Fleeing from the flies

Published 9:52 pm Tuesday, May 23, 2017

By Susan and Biff Andrews

June 1 is about the time when we abandon the Dismal Swamp for the summer.

Don’t get us wrong, we love the swamp and think it is beautiful year round. There are many wonderful things to see in the summer. But you might pay for the pleasure.

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It’s not the heat. It’s not the mosquitoes. It’s the flies.

A few yellow flies, deer flies or horse flies can be tolerated, but when the price is blood and even the faithful family dog is whimpering and bleeding, it’s time to leave.

All three of these biting flies are members of the Tabanid family. Each is worse than the one before it.

First come the yellow flies in May. They are seven to 10 millimeters in length, yellow-brown in coloration and are active only in daylight hours. The first three hours and the last three hours are when they are most active.

They target people around the head, neck and shoulders. Motion draws them. It’s the females that bite. Males feed on pollen. Females need the protein in blood to produce eggs.

Yellow flies are soon joined by deer flies; same size and habits, but slightly darker in color. They also have stripes on their backs.

Deer flies don’t target the head and shoulders so specifically. They’re equal-opportunity biters and will attack any exposed skin. While their bite is a bit less painful, it will more than likely draw blood.

But it’s the big horseflies, 10 to 25 millimeters, that can inflict serious wounds on people and animals. The mouth of the female contains a “stout stabbing organ with two pairs of sharp cutting blades and a sponge-like part for lapping up the blood.” There is also an anti-coagulant in their saliva that keeps the blood flowing.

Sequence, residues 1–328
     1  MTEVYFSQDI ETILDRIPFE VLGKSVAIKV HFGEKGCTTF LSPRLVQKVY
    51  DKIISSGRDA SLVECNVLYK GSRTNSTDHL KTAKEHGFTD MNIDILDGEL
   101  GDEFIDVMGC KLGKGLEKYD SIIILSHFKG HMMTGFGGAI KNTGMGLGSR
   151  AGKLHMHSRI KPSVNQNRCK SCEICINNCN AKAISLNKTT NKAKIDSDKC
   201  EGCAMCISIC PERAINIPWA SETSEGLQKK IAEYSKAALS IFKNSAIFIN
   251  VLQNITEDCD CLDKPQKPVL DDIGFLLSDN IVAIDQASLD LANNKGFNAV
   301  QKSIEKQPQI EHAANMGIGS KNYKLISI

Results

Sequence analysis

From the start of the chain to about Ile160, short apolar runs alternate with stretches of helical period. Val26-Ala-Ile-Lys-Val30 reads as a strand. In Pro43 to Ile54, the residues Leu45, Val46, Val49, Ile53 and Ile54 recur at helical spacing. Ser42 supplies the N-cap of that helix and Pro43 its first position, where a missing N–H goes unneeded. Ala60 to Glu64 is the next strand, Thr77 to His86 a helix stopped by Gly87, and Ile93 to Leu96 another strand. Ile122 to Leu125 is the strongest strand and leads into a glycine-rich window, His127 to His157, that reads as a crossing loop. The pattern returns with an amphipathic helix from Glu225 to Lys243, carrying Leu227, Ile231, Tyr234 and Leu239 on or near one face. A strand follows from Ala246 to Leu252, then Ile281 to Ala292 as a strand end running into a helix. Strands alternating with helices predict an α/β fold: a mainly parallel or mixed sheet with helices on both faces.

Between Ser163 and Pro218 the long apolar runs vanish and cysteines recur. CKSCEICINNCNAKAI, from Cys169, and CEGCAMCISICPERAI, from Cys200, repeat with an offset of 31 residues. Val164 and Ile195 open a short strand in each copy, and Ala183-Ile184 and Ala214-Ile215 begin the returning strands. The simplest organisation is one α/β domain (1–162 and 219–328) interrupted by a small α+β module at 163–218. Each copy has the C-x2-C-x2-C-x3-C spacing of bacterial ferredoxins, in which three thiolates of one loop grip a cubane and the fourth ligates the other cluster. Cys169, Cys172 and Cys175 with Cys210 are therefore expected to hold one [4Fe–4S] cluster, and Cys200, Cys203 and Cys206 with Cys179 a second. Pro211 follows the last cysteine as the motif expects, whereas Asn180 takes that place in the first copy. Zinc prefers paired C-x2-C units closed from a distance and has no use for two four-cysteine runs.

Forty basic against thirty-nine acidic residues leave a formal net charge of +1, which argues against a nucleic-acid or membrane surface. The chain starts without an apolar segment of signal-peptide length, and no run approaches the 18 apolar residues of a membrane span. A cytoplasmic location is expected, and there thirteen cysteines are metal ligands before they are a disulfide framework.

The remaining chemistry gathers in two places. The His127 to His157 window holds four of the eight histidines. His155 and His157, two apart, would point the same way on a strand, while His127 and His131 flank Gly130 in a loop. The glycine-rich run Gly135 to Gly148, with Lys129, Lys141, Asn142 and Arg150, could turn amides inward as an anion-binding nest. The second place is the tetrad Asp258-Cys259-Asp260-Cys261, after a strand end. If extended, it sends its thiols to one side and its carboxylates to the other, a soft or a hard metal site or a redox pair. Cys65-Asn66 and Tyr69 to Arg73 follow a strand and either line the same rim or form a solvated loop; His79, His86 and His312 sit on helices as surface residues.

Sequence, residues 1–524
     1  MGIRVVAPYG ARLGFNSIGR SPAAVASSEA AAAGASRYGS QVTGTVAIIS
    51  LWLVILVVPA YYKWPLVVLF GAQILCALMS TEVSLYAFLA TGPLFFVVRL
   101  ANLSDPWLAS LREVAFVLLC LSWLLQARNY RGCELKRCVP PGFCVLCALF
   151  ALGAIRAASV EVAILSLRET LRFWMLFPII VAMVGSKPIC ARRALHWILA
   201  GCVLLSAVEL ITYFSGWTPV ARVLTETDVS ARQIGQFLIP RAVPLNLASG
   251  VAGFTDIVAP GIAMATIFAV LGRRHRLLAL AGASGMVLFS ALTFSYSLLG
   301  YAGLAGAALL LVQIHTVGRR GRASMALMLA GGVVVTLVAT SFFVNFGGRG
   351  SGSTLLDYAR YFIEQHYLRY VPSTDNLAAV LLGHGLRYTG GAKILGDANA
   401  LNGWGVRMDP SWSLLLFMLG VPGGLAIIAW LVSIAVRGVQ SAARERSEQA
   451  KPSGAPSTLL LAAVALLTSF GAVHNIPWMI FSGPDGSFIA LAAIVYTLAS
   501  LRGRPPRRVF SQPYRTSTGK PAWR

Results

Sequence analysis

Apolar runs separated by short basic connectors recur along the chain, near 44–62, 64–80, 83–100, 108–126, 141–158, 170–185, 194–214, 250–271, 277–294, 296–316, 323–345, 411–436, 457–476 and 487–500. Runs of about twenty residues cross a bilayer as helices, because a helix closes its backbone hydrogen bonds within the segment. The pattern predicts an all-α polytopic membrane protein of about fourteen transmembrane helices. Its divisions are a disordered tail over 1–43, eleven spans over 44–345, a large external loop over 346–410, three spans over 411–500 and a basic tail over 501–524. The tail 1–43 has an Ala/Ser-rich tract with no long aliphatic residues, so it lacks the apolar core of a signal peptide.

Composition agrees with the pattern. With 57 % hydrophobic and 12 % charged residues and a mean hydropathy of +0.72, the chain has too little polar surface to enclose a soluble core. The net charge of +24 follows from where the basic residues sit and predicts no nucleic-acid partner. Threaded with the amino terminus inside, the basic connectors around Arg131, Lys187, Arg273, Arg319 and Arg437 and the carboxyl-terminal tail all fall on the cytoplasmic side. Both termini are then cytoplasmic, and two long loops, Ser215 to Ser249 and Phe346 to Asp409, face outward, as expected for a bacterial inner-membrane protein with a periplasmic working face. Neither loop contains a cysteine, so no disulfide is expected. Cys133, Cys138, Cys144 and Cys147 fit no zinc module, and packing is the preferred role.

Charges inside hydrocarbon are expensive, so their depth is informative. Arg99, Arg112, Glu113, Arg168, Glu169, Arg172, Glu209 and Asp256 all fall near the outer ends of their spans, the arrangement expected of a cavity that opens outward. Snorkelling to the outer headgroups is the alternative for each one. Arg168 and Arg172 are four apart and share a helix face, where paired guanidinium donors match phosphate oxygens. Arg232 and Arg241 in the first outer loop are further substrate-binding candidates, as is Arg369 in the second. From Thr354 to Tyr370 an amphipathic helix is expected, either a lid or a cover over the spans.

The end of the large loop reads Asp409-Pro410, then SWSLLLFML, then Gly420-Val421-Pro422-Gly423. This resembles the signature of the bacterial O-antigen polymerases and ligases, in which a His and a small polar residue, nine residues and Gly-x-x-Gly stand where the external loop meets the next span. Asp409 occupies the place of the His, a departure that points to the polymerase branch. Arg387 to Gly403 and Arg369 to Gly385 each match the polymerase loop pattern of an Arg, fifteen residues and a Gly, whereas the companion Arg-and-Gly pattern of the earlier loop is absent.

Sounds like the description of a monster from a horror movie.

Twenty flies feeding on a cow for 6 hours can suck up to 100cc of blood. And often a cow may have as many as 100 flies on it at a time. Milk cows and cattle may lose up to 100 pounds of body weight a summer due to flies.

Even worse, horse flies can transmit some pretty awful blood-borne diseases.

There is no means of managing the fly population out of doors. In an enclosed space, some livestock folks use a “sticky ball” that is black in color and the size of a beach ball to draw and trap them, but in the open field, there’s little that can be done.

So in spring, we spray up and suffer the yellow flies buzzing around our heads, and the occasional deer fly bite, but we draw the line at horseflies. When we drive into the swamp and hear them hitting the car, it’s time for a U-turn to a friendlier habitat.

Susan and Bradford “Biff” Andrews are retired teachers and master naturalists who have been outdoor people all their lives, exploring and enjoying the woods, swamps, rivers and beaches throughout the region for many years. Email them at b.andrews22@live.com.